Human behavior patterns influence water conservation
"There is a lot of collective action involved in getting individuals and farmers and water districts to come together to reduce water use," said Lubell, who is also Director of the Center for Environmental Policy and Behavior at UC Davis.
Lubell, whose research focuses on human behavior and the role of governance institutions in solving environmental collective action problems and facilitating cooperation, is particularly interested in watching the conservation efforts prompted by the California drought unfold. "It is definitely a good lab to study cooperation problems or observe them in action," he said.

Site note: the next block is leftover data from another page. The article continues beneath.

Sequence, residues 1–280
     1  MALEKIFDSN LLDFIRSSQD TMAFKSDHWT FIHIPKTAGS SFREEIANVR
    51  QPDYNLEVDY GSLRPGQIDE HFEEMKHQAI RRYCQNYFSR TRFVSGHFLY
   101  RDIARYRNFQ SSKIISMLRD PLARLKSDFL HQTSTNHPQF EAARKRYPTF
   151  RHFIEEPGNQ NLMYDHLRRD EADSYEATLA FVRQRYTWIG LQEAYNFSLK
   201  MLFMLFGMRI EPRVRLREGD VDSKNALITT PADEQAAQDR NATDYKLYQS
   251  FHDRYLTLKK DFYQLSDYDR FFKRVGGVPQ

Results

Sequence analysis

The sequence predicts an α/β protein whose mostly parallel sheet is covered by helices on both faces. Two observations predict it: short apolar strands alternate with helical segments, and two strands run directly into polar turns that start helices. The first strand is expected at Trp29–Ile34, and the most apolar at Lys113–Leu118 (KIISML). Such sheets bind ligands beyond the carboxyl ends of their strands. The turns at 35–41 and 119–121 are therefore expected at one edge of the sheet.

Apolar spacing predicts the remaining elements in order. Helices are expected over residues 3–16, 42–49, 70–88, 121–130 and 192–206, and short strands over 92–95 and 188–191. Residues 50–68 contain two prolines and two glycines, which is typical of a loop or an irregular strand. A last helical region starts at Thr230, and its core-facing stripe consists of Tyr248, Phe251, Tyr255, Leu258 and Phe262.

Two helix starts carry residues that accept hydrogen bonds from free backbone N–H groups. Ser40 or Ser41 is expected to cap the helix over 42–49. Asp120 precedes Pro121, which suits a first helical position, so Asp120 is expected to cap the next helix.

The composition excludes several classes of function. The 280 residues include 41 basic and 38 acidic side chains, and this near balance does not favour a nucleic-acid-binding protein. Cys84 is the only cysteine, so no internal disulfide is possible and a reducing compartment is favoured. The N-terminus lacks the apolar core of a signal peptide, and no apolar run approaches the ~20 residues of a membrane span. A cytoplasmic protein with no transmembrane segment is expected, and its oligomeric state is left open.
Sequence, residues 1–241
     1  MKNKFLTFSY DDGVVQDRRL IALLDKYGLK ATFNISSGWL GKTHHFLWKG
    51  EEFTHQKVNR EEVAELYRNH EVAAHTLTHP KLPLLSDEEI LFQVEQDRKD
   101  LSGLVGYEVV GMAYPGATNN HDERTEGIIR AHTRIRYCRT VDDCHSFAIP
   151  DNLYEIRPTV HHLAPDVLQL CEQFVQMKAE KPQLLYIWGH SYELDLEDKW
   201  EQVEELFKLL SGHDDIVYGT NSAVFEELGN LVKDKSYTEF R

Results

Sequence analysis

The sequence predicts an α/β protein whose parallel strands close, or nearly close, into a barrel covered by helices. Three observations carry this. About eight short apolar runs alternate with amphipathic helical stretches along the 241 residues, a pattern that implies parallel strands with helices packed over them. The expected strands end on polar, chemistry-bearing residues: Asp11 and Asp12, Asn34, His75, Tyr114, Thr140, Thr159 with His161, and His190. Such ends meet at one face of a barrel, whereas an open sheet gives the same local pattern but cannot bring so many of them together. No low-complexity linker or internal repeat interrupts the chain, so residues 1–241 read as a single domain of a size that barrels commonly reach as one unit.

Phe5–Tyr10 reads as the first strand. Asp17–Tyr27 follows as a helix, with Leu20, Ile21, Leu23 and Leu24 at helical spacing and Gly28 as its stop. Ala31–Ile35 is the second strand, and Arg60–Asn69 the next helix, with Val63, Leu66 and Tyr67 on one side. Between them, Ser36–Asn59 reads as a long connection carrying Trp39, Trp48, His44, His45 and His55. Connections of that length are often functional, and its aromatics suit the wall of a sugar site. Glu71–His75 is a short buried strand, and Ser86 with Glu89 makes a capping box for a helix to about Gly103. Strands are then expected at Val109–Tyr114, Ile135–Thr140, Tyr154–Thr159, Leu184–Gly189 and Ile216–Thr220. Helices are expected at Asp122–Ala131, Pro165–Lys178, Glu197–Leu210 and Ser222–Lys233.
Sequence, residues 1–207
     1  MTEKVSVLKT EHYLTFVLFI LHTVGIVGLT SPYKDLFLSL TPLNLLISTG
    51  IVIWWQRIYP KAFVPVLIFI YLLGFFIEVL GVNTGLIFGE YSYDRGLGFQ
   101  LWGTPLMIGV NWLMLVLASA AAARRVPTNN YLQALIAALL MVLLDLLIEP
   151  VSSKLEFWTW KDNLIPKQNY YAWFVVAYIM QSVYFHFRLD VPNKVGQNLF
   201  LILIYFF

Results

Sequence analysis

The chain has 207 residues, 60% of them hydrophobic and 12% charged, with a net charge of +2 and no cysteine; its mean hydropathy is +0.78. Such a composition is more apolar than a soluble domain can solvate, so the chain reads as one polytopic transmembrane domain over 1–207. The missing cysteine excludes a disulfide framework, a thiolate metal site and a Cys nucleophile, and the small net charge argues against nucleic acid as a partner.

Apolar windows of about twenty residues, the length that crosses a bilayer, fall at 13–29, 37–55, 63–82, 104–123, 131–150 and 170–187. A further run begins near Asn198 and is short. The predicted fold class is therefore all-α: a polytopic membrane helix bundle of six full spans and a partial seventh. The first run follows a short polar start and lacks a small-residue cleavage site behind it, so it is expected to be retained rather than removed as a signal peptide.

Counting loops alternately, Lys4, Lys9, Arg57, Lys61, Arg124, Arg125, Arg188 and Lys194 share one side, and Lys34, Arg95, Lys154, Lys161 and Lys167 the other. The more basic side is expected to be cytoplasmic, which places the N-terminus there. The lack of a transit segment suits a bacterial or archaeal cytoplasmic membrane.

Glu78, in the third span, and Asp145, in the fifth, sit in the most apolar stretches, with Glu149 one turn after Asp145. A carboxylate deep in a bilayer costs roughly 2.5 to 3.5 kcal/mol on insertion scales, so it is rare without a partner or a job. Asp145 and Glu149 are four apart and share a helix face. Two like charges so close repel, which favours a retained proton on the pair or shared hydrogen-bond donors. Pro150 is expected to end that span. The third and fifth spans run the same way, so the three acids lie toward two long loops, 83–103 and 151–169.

The difficulty for California is akin to the classic "tragedy of the commons," in which people behave in their own self-interest even when contrary to the best interests of a whole group.
"People are being asked to make an individual sacrifice, but the costs and benefits are experienced by a lot of other people," Lubell said. "People tend to not do the behaviors that make everybody collectively better off."
The solution, Lubell said, is taking a multifaceted approach to encouraging water conservation, including water prices, penalties for not conserving, and influencing social norms. He said social norms are crucial, but they are not established overnight. And the norms can change again when conditions change.
"There will be some behaviors that stick. Some people might put in some irrigation changes where they won't go back and put lawn back in right away," Lubell said. "But short term changes will unstick once it starts raining again. We know the psychology of water use, and people very quickly forget the drier years."